a movable mass inserted between the first and the second guide grooves at an overlapping position of the first and second guide grooves; and
a hydraulic pressure supply unit for selectively supplying hydraulic pressure to the first pressure chamber and second pressure chamber.
2. The variable inertia flywheel apparatus of claim 1, wherein the first guide grooves are helically formed.
3. The variable inertia flywheel apparatus of claim 1, wherein the first guide grooves are slanted with respect to the radial direction.
4. The variable inertia flywheel apparatus of claim 1, further comprising:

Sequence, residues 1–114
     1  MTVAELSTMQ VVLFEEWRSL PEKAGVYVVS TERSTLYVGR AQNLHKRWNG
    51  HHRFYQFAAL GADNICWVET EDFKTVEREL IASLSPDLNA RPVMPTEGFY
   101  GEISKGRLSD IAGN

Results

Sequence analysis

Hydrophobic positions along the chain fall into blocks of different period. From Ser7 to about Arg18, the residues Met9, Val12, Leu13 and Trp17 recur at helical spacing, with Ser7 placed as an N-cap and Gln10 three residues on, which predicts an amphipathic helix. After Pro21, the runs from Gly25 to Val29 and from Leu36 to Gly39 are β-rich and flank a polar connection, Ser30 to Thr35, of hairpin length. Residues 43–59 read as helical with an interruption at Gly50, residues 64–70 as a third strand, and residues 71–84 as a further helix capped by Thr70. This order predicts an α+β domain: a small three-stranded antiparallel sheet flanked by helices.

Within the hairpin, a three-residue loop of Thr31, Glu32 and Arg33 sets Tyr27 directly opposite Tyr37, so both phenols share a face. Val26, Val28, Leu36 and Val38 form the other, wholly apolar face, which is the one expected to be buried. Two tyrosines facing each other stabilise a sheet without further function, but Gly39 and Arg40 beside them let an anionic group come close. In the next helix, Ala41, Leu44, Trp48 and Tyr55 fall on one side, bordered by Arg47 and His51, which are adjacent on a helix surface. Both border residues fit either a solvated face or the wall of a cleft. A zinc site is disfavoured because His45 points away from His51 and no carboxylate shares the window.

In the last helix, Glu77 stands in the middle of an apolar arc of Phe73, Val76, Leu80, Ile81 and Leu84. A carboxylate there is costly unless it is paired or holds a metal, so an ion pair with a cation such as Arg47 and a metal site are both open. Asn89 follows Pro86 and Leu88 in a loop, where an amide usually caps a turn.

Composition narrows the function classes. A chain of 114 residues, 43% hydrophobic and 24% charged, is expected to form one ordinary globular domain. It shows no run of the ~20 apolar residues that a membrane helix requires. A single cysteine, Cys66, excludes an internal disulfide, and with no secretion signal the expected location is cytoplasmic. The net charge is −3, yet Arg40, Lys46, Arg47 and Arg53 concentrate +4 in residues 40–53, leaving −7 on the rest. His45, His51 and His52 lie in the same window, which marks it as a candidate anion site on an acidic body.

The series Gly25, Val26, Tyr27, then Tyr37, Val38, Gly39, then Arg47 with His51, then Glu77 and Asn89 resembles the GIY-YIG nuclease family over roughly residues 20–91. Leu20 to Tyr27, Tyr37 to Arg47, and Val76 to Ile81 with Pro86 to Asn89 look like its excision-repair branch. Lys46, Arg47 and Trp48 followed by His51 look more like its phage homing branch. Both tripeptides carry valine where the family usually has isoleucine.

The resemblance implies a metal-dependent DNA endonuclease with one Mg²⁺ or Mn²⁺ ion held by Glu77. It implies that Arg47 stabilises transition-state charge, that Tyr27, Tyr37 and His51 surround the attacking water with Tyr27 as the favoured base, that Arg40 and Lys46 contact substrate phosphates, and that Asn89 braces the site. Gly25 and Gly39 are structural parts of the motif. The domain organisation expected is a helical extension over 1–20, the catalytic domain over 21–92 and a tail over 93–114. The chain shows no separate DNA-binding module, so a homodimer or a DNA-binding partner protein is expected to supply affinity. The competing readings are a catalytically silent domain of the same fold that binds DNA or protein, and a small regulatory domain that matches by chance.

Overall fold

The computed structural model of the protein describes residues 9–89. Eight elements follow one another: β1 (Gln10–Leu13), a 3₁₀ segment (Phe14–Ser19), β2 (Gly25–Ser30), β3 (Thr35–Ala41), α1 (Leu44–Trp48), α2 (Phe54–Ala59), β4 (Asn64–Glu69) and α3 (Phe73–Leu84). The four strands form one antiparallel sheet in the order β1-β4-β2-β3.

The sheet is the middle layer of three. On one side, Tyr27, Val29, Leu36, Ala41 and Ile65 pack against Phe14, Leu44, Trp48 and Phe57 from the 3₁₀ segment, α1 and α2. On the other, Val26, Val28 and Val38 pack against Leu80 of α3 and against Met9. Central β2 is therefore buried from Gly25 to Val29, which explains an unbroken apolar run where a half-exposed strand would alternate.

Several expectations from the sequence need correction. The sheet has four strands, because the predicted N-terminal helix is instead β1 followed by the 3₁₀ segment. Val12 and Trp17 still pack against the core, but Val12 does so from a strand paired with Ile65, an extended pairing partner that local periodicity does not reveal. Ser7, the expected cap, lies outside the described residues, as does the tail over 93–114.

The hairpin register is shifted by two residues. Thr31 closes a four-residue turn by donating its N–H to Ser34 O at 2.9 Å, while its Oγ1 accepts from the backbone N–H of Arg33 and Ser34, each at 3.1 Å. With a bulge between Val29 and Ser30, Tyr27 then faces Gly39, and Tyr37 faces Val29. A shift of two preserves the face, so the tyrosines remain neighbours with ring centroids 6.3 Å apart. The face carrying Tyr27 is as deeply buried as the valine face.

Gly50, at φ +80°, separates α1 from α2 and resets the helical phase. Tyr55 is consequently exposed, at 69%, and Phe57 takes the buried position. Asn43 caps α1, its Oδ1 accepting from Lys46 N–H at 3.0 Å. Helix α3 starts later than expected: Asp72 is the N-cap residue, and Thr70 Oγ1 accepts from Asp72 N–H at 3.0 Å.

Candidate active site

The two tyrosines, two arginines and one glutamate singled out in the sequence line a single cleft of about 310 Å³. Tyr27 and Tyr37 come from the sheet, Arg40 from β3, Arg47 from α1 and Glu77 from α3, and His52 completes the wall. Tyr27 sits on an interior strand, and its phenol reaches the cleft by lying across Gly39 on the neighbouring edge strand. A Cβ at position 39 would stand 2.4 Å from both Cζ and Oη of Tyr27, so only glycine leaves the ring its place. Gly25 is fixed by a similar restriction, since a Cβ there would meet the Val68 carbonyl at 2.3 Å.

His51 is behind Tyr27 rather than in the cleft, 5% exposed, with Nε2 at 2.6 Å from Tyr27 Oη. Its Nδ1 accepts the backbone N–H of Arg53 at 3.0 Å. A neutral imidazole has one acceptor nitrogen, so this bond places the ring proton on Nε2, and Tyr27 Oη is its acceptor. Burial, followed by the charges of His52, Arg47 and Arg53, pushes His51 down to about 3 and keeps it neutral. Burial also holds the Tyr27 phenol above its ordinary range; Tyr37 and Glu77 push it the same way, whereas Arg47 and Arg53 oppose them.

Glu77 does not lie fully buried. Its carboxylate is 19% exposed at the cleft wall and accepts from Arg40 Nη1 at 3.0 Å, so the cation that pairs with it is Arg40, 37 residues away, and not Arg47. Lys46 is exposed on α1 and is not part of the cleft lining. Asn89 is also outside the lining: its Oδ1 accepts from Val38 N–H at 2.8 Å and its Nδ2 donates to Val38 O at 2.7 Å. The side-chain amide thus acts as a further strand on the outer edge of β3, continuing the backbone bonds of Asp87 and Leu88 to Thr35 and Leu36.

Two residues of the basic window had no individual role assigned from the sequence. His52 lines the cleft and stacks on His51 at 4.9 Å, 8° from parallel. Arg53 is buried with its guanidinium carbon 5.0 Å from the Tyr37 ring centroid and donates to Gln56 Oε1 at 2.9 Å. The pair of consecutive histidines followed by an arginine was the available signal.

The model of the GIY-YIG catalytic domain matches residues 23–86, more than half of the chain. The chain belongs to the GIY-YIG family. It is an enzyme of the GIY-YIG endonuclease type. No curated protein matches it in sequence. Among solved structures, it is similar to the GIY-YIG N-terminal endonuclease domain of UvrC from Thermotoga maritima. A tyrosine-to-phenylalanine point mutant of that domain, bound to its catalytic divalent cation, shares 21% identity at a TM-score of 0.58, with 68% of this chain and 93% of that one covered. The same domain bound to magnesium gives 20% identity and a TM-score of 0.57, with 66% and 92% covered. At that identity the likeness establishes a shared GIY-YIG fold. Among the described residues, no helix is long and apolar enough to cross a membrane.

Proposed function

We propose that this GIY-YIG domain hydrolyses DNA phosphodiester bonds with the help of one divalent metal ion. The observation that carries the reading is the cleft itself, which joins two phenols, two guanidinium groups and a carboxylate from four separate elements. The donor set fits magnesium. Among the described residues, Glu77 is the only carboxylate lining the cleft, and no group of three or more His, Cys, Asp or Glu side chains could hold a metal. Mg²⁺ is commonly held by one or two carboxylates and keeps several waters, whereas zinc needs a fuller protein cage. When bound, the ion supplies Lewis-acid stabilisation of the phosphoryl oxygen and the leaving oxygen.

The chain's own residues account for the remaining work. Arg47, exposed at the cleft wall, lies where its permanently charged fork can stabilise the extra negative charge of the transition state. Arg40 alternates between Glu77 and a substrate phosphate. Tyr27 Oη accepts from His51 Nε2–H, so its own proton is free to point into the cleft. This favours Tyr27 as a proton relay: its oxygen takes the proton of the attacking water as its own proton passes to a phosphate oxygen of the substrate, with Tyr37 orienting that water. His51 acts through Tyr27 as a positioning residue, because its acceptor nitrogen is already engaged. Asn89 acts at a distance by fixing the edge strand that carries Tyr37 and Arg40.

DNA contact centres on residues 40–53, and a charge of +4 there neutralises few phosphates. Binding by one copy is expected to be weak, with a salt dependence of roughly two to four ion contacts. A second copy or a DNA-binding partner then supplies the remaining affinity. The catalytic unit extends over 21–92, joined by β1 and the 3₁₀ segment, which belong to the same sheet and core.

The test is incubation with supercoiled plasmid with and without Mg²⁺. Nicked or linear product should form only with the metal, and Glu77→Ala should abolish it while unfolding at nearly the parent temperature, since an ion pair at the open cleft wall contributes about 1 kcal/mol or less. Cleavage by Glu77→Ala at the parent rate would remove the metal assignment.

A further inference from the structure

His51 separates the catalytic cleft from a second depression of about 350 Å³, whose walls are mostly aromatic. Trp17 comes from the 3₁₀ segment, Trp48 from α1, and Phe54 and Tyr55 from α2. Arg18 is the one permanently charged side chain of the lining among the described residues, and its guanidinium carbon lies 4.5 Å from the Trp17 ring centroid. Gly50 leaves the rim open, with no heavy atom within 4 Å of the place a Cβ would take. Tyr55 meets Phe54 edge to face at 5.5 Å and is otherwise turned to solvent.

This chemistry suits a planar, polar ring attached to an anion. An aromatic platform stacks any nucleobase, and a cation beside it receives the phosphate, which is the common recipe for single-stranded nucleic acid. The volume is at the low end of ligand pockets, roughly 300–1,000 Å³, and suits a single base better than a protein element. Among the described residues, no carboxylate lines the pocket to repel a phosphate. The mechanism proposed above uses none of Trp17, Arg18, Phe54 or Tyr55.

a solenoid valve disposed on first and second hydraulic lines connected to the first and second pressure chambers; and
an electronic control unit for controlling the solenoid valve for selectively supplying hydraulic pressure to the first and second pressure chambers.
5. The variable inertia flywheel apparatus of claim 1, further comprising:
a solenoid valve disposed on first and second hydraulic lines connected to the first and second pressure chambers; and
an electronic control unit for controlling the solenoid valve for selectively supplying hydraulic pressure to the first and second pressure chambers,
wherein the first guide grooves are helically formed.
6. The variable inertia flywheel apparatus of claim 1, wherein the movable mass is bar-shaped.
Description
CROSS-REFERENCE TO RELATED APPLICATIONS

This application claims priority of Korean Application No. 10-2003-0063072, filed on Sep. 9, 2003, the disclosure of which is incorporated fully herein by reference.